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VIII.

50 Or wert thou that just Maid who once before
Forsook the hated earth, oh tell me sooth,
And cam'st again to visit us once more?

Or wert thou [Mercy], that sweet-smiling Youth?
Or that crowned Matron, sage white-robèd Truth?
Or any other of that heavenly brood

55

Let down in cloudy throne to do the world some good?

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IX.

Or wert thou of the golden-winged host,
Who, having clad thyself in human weed,
To earth from thy prefixed seat didst post,
60 And after short abode fly back with speed;

As if to show what creatures Heaven doth breed ;
Thereby to set the hearts of men on fire
To scorn the sordid world, and unto Heaven aspire?

X.

But oh! why didst thou not stay here below 65 To bless us with thy heaven-loved innocence, To slake his wrath whom sin hath made our foe, To turn swift-rushing black perdition hence, 2. Or drive away the slaughtering pestilence,

To stand 'twixt us and our deservèd smart?
thou canst best perform that office where thou
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XI.

Then thou, the mother of so sweet a child,
Her false-imagined loss cease to lament,
And wisely learn to curb thy sorrows wild;
Think what a present thou to God hast sent,
75 And render him with patience what he lent;
This if thou do, he will an offspring give,

That till the world's last end shall make thy name to

live.

AT A VACATION EXERCISE IN THE COLLEGE, PART LATIN, PART ENGLISH.

ANNO ÆTATIS XIX. (1628.)

The Latin Speeches ended, the English thus began:

Native that sinews weak

Didst move my first endeavouring tongue

to speak;

And mad'st imperfect words with childish trips,
Half-unpronounced, slide through my infant lips.
5 Driving dumb Silence from the portal door,
Where he had mutely sat two years before
Here I salute thee, and thy pardon ask
That now I use thee in my latter ta
Small loss it is that thence can c

Io I know my tongue but little grace can do thee.
Thou need'st not be ambitious to be first,
Believe me I have thither packed the worst ;
And, if it happen as I did forecast,

The daintiest dishes shall be served up last. 15 I pray thee then deny me not thy aid

For this same small neglect that I have made; But haste thee straight to do me once a pleasure, And from thy wardrobe bring thy chiefest treasure ; Not those new-fangled toys, and trimming slight 20 Which takes our late fantastics with delight;

But cull those richest robes and gayest attire,
Which deepest spirits and choicest wits desire.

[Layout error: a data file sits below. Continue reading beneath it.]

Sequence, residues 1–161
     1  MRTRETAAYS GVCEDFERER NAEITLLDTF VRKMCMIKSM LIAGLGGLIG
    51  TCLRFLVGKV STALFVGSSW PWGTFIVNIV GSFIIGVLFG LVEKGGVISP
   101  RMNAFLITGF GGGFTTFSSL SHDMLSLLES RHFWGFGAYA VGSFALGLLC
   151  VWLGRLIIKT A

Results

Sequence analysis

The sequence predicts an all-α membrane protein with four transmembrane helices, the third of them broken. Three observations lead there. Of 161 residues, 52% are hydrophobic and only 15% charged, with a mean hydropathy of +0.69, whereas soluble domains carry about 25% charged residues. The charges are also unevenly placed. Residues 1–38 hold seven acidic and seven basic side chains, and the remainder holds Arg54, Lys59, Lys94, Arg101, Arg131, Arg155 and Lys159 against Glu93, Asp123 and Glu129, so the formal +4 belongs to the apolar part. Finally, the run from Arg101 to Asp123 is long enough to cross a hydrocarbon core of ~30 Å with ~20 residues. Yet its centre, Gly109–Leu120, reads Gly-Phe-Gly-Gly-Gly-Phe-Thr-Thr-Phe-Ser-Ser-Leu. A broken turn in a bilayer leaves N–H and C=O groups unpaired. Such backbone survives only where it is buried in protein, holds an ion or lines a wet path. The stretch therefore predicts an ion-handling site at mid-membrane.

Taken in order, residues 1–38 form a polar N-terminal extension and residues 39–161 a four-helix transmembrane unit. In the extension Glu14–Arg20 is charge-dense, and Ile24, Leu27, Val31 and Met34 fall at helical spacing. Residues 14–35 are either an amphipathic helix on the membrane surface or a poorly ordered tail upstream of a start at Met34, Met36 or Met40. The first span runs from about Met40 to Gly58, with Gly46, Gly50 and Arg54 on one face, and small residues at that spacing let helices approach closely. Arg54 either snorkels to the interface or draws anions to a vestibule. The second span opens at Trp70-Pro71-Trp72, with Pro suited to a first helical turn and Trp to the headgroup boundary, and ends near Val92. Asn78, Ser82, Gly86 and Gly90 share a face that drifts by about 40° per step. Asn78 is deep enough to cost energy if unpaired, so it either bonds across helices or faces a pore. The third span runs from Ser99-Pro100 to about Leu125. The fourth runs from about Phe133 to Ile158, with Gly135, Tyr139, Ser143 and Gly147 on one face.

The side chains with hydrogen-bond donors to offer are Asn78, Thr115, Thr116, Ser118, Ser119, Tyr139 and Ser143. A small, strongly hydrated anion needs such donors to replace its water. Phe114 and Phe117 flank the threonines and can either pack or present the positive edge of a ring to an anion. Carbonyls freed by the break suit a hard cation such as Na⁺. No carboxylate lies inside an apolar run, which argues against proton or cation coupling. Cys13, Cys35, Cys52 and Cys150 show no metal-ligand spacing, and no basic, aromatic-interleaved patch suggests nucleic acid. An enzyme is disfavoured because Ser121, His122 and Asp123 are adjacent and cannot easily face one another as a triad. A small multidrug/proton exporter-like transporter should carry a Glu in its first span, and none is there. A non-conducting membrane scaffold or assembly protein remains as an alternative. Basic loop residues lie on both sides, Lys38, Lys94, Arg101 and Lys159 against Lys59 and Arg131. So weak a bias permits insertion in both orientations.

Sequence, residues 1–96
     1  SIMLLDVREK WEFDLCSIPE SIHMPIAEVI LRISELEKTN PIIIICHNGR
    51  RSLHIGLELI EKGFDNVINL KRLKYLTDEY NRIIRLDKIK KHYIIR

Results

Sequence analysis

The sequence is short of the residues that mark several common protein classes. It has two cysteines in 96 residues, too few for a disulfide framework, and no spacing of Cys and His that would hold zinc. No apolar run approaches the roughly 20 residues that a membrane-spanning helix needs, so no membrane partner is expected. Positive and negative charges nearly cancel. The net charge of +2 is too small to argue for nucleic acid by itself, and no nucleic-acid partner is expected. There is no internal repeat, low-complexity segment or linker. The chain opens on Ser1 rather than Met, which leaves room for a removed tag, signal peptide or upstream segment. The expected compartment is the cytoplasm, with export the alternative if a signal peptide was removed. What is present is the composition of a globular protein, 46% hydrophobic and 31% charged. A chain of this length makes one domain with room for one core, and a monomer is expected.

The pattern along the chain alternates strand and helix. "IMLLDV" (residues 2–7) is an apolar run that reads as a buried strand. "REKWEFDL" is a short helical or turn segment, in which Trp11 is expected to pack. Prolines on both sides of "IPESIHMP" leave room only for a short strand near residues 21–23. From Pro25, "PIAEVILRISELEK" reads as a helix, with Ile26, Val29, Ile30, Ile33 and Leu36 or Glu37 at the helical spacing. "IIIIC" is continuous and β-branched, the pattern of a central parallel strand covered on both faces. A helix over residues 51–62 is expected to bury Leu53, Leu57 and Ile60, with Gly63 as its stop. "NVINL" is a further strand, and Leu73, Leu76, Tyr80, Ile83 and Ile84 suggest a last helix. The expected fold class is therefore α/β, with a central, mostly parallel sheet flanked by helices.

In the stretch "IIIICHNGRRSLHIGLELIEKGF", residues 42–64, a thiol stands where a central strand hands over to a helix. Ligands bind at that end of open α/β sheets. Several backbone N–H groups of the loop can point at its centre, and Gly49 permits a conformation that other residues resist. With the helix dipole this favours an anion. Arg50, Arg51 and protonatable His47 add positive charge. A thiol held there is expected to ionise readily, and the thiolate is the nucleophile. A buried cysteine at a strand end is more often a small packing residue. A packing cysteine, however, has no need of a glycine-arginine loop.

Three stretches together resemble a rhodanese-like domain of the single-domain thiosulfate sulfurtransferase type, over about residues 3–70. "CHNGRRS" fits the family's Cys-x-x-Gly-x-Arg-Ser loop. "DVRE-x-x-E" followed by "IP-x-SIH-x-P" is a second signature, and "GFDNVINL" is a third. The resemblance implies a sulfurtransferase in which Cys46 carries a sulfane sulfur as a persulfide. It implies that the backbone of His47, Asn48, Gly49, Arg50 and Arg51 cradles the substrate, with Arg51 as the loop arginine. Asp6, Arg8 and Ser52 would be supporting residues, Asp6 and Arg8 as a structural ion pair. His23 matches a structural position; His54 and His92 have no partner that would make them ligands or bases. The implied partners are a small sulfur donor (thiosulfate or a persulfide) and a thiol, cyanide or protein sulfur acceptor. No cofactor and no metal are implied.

I have some naked thoughts that rove about
And loudly knock to have their passage out;
25 And weary of their place do only stay

Till thou hast decked them in thy best array;
That so they may, without suspect or fears,
Fly swiftly to this fair assembly's ears.
Yet I had rather, if I were to choose,

hy service in some graver subject use;

as they make thee search thy coffers round, hou clothe my fancy in fit sound;

Ĉ

To

2. Or di

To stan

thou kt.

the deep transported mind may soar
ling poles, and at Heaven's door
ach blissful deity

underous throne doth lie,
Apollo sings

while Hebè brings
e;

ome unto thee,

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40 Then, passing through the spheres of watchful fire,
And misty regions of wide air next under,
And hills of snow and lofts of pilèd thunder,
May tell at length how green-eyed Neptune raves,
In Heaven's defiance mustering all his waves;
45 Then sing of secret things that came to pass
When beldam Nature in her cradle was;
And last, of kings and queens and heroes old;
Such as the wise Demodocus once told

In solemn songs at King Alcinous' feast, 50 While sad Ulysses' soul and all the rest

Are held with his melodious harmony

In willing chains and sweet captivity.

But fie, my wandering Muse, how thou dost stray !
Expectance calls thee now another way,

55 Thou know'st it must be now thy only bent
To keep in compass of thy predicament.
Then quick about thy purposed business come,
That to the next I may resign my room.

Then ENS is represented as father of the Predicaments, his ten sons, whereof the eldest stood for SUBSTANCE with his canons, which ENS, thus speaking, explains:—

Good luck befriend thee, Son; for at thy birth
60 The faery ladies danced upon the hearth;
Thy drowsy nurse hath sworn she did the
Come tripping to the room where tho
And, sweetly singing round about
Strew all their blessings on thr

65 She heard them give thee this, that thou shouldst still

From eyes of mortals walk invisible;

Yet there is something that doth force my fear;
For once it was my dismal hap to hear
A Sibyl old, bow-bent with crooked age,
70 That far events full wisely could presage,

And in Time's long and dark prospective glass
Foresaw what future days should bring to pass.

"Your son," said she, "(nor can you it prevent) Shall subject be to many an Accident.

75 O'er all his brethren he shall reign as king,
Yet every one shall make him underling,
And those that cannot live from him asunder
Ungratefully shall strive to keep him under :
In worth and excellence he shall outgo them,
So Yet, being above them, he shall be below them;
From others he shall stand in need of nothing,
Yet on his brothers shall depend for clothing,
To find a foe it shall not be his hap,

d peace shall lull him in her flowery lap;
all he live in strife, and at his door
war shall never cease to roar ;
he his natural property

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.em spy

didst lie,
thy bed,
sleeping head.

stan

thou can kt.

that are at enmity."

force, what mighty spell, if not loose this Gordian knot?

TY, spake in prose, then

is name.

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